Al Khatib elaborated that 7,845,400 videos were deleted by the machine learning systems as they showcased the war situation and were considered as propaganda, making them inappropriate for the platform. However, they are able to get the videos back online, if they are already in possession of the meta-data of the videos and the content presented. The archive also ensures that the information is verified properly and currently, prioritizes saving the information before it gets deleted. He also clarified that “it’s important for the future for any legal case as well as for constructing the collective memory of society that is all mainly right now digital.”
Afshar continued the discussion to remind the audience of the importance of remembering the true narrative of the events that had unfolded and introduced the theme of the documentary made by her, Syria’s Disappeared: The Case Against Assad. The documentary, made with non-political, intentions, yet now a potential political tool, tells the story of the tens of thousands of people who disappeared in Syria into a network detention centers. Afshar mentions, how, for her, the Caeser Photographs are reminiscent of the Holocaust due to the signs of severe torture and brutality on the bodies of the people. She elucidated how the corpses photographed do not even have names attached to them but the number of the detention facility where one could find the body. For her, this level of torture is the same as the holocaust during the Nazi regime, except that in this case there is no justice being served.
She also told the audience stories of the kind of torture families of those detained and the detainees were forced to face. She gave an example of the kind of torture mechanism used to force the detainees to give a false confession. She further mentioned two organizations which have been trying to help the cause but with little to no result, namely Amnesty International and Families for Freedom. While the motion to refer Syria to International Criminal Court was vetoed by Russia and China, the panelists place their hope on Universal Jurisdiction laws followed by some European countries including Belgium, Finland, France, and Germany. They believe that they will be able to build a case against the criminals using legal evidence and get justice through this system.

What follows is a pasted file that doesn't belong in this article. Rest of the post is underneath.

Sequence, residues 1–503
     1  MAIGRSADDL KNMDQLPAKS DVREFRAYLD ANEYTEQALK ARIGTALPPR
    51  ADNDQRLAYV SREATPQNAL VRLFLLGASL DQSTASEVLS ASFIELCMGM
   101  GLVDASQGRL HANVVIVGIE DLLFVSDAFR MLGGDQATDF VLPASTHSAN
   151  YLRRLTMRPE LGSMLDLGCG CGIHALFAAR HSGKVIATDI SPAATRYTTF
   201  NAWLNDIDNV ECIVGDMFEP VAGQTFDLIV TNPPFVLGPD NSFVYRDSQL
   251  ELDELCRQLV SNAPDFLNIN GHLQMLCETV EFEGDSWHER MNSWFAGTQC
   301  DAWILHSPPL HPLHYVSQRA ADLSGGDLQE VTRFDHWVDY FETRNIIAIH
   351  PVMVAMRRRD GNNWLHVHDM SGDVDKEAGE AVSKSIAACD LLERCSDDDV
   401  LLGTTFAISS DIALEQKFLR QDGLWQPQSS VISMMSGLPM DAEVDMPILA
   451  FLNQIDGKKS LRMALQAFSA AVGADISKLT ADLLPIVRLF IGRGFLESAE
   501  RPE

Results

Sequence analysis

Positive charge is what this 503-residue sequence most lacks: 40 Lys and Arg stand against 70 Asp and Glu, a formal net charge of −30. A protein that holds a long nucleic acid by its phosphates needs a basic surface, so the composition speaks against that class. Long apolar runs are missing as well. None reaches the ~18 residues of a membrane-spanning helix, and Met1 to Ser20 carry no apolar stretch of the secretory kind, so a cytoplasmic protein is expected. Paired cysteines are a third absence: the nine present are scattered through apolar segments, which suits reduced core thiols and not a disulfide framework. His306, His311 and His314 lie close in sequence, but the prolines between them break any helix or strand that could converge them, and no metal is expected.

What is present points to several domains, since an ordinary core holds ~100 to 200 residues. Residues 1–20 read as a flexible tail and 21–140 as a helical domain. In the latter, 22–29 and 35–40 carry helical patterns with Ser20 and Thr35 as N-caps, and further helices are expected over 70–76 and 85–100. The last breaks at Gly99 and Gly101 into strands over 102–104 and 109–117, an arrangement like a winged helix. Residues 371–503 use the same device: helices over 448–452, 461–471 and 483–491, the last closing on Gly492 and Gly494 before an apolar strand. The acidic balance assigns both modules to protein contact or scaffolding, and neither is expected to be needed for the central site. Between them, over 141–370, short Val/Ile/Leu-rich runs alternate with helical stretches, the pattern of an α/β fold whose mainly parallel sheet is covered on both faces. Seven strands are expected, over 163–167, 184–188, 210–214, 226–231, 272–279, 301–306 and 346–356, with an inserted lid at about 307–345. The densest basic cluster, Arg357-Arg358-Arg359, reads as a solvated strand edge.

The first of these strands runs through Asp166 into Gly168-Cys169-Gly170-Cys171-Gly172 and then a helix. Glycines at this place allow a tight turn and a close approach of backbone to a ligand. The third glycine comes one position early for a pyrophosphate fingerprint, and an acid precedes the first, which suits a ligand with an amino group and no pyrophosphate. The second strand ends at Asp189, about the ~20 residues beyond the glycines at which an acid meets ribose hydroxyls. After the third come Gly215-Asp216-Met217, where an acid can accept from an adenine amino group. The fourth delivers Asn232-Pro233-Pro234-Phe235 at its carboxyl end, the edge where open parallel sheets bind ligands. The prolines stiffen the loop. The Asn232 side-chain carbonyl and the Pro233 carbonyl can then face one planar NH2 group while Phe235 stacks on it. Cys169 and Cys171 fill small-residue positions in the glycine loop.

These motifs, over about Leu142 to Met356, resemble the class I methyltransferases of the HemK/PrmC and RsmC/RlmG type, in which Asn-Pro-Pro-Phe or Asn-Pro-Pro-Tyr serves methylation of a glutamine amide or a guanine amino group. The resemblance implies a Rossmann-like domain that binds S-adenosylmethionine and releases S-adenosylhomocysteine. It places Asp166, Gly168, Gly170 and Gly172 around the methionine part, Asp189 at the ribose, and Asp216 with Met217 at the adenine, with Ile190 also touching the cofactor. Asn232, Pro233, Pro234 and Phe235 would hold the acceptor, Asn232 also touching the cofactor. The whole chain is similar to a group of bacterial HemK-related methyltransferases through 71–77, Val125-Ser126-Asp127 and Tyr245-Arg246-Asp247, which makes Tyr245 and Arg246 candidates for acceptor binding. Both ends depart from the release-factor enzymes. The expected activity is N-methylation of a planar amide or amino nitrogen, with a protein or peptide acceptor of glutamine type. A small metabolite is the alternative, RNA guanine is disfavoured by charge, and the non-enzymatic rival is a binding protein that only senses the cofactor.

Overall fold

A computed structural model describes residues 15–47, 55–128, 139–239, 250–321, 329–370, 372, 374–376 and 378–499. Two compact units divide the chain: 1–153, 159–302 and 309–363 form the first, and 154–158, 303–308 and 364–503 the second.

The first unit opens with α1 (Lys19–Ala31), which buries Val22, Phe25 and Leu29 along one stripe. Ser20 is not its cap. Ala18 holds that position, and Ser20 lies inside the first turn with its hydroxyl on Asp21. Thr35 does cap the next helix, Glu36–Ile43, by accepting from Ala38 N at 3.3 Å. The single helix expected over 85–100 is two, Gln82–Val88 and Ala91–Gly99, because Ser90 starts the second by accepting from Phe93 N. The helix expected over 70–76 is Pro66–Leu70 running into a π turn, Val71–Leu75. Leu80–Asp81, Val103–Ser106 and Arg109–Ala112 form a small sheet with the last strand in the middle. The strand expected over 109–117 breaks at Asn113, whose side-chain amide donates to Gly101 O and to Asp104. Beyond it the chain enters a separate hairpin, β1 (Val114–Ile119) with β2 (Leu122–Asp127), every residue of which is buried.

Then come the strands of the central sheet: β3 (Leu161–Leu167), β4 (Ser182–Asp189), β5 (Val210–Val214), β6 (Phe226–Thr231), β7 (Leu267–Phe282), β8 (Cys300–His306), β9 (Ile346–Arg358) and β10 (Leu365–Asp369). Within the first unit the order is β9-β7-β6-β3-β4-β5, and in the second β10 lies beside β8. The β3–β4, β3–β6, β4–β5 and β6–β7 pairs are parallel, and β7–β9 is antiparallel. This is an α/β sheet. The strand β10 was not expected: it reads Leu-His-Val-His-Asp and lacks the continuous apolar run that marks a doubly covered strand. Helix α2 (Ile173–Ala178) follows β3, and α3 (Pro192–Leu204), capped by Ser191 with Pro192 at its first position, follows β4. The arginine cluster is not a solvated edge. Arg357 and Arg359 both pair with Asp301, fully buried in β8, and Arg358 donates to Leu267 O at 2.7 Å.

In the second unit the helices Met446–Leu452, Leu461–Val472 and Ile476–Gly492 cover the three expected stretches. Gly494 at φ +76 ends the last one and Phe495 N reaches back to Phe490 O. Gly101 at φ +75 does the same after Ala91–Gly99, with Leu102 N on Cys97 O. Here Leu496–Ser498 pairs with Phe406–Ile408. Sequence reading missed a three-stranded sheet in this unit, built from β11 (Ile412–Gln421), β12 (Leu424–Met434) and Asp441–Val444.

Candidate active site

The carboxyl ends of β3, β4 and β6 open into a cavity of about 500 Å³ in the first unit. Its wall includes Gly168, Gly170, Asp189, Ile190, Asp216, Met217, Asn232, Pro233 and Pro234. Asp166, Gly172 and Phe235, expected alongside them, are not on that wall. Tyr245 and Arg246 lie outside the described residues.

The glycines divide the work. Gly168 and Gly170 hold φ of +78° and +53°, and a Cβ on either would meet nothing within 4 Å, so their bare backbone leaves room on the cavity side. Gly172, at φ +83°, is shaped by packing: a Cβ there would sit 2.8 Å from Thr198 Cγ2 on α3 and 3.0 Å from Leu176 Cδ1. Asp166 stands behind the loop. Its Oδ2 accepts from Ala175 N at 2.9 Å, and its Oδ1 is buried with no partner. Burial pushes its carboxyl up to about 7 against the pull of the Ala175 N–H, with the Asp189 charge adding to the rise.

On a closing note, Al Bunni maintained that, “Terrorism, that’s our enemy, all of us” and emphasised how emigration is dangerous for the refugees as well. He believes that when victims don’t find a peaceful way to get justice, it lays the ground for radicalization which often leads to terrorism, which is why it is important that the victims in Syria get justice. He continued that nobody can fight the idea of terrorism, yet we can avoid and stop people from believing in the idea. He ended the talk with a rather interesting claim, “It’s not spring for Syria and Arab world, it’s spring for whole world, in fact.”